Choquequirao means "cradle of gold" in Quechua although this is probably not its original Inca name. It is another "lost city of the Incas" located high on a ridge spur almost 1750m above the raging glacier-fed Apurimac River and surrounded by towering snow-capped peaks.
The US explorer Gary Ziegler suggests that Choquequirao may have been the place where the last Inca, Tupac Amaru, was raised among Inca Priestesses. The abundance of many double jamb doorways and niches indicates that the place was held in high status.
The ruins were first visited and described to the western world by a French explorer during the 18th century. Hiram Bingham visited the site in 1910. This was his first experience of "lost cities" prior to his discovery of Machu Picchu in 1911. The remoteness and inaccessibility have discouraged visitors until fairly recently when COPESCO constructed a footbridge over the Apurimac River below the ruins. Even today the ruins are still rarely visited although, with the enforcement of new regulations on the Inca Trail, Choquequirao is destined to replace the traditional hike as the serious trekkers alternative.
CHOQUEQUIRAO THE OTHER LOST CITY OF THE INCAS
Legend and history become confused among the mists of the Andes mountains. Choquequirao caught the world's attention as the last bastion of Inca resistance against the Conquistadors. Adventure and history create a new attraction in Peru.
The canyon seems bottomless. From the lookout where the trail begins, the Apurimac river is a greenish-white ribbon speckled with tiny black dots, which you know are house-size boulders. Beyond the canyon, the massive snow peaks of the Cordillera Vilcababamba seem to fill the sky.
The terraces of Inca at Choquequirao are dimly visible on a ridge to the north-east, green and hazy in the distance. To reach it will take two days of hard walking.
Choquequirao is one of those places we have always know about, yet never really known. Unlike Machu Picchu, its name has been mentioned since colonial times. Treasure hunters went there occasionally form the early 18th century onwards, lured by its tantalizing name - "Cradle of Gold". The French scholar Leonce Angrand drew the first maps in 1847. Hiram Bingham went there in 1909, two years before he reached Machu Picchu.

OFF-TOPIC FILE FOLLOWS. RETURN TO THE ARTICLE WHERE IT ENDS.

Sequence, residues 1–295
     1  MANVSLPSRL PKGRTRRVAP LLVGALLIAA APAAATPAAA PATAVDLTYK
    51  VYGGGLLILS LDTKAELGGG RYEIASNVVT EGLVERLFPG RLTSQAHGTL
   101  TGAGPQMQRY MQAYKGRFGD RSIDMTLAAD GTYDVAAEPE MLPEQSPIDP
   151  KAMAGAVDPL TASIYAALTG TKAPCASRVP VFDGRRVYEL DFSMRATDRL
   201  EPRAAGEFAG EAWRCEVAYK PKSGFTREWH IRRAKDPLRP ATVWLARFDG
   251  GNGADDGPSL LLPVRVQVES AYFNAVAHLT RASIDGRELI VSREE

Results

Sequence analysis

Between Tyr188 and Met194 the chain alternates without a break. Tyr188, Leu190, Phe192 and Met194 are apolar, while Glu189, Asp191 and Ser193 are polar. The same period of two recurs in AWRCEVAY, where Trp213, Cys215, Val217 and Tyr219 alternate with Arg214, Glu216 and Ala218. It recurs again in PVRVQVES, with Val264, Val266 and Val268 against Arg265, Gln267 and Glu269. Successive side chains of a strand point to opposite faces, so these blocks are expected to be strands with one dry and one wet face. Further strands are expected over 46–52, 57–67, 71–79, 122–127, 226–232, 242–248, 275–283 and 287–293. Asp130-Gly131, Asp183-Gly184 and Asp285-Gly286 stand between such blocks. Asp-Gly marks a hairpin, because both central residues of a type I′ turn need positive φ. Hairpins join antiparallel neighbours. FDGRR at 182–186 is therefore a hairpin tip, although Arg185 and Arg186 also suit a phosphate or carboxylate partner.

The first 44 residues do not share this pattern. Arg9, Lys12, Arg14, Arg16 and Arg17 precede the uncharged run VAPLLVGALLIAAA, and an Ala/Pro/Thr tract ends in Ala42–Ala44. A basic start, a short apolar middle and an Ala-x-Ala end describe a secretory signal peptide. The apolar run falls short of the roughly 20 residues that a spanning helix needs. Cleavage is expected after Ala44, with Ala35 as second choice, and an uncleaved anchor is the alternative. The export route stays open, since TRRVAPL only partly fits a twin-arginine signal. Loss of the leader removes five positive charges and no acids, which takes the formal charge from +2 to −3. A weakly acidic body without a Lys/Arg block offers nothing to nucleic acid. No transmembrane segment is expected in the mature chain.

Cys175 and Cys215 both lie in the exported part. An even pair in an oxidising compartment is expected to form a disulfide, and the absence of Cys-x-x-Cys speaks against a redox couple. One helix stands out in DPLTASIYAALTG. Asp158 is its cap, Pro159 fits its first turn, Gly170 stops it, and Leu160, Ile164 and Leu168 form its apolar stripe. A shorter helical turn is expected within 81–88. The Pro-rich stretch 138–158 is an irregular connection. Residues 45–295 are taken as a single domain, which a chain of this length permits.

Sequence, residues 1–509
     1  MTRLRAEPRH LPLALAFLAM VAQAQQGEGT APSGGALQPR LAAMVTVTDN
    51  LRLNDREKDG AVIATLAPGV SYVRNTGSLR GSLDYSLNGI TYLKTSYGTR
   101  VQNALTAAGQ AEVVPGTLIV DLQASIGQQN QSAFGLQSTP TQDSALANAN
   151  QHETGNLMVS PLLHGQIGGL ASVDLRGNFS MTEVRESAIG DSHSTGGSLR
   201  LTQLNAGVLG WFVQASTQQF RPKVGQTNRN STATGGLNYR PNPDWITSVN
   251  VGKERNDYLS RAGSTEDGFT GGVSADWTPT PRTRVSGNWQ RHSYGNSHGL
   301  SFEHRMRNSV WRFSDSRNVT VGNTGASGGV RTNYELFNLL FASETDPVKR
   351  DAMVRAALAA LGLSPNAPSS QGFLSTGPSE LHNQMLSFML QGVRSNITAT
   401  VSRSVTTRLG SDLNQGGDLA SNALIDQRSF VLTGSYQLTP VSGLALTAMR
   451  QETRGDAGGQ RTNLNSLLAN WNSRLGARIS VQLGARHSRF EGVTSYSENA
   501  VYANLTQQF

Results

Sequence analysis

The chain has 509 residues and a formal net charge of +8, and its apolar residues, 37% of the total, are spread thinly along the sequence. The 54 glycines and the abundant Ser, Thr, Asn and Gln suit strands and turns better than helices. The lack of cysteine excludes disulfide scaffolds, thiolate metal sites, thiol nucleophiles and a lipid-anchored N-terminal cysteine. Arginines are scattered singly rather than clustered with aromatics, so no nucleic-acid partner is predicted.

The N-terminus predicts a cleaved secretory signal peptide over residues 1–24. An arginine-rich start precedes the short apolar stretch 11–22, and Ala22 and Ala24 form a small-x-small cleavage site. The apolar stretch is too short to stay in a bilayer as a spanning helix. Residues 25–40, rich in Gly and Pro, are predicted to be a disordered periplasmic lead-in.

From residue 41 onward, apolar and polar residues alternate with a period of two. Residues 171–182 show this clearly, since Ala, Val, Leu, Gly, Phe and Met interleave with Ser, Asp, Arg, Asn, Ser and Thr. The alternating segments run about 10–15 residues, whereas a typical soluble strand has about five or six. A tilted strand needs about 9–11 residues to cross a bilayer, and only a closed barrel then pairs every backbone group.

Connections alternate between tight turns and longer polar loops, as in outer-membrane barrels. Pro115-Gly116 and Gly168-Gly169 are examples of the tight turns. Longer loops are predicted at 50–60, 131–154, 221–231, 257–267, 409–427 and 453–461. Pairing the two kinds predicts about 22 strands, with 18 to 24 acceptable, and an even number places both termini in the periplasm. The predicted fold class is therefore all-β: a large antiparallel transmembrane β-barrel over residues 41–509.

Yet Choquequirao was extremely difficult to reach, its access barred by the roaring waters of the Apurimac, which could only be crossed by means of an oroya - a death-defying cable and basket. All that changed when the Peruvian government built a sturdy footbridge near Cachora in 1994.
Even today the journey is long, but for the growing army of those who love the challenge of the Andes it is everything one could hope for. It starts in Cusco, with a scenic 4 or 5 hour drive along the highway towards Abancay, first crossing the rolling Pampa de Anta with vistas of the Urubamba range, Salcantay, then a stupendous series of hairpins in the descent to Limatambo and the Apurimac. A steep ascent from the river leads past fields of white anise flowers in the balmy climate of Curahuasi, while along the way you can visit the elegant Inca stonemasonry at Tarawasi and the unique Inca sculptures of Sayhuite. The road is paved until the turn-off to Cachora, where a series of hairpins descends into a high Andean valley sloping once again towards the mighty Apurimac canyon, mirador de Capulilloc Cachora is the place to rent mules, guides and saddle horses. The trail is good, but the journey calls for a 4,300 ft. to the Inca ruins. The views are spectacular, and the ecology passes through those radical Andean changes, reaching a hot and arid canyon-floor ecology of tall cactus and thorn bushes at the river. Most hikers camp the first night at the small, wooded site of Chiquisca, about 1,300 ft. above the river. Next day you descent more steep zig-zags to the river, and cross the footbridge. It is vital to leave early, since the canyon becomes extremely hot as the day wears on, and the only way to avoid this is to gain some altitude before mid-day. As you climb the north bank of the Apurimac you reach a world of green slopes and remnant patches of cloud forest which grow more dense and less disturbed by humans as you near Choquequirao. Scattered farmers occupy the few areas of semi-level terrain along the way, including one who grows sugar cane and distills his own firewater - available for sale!.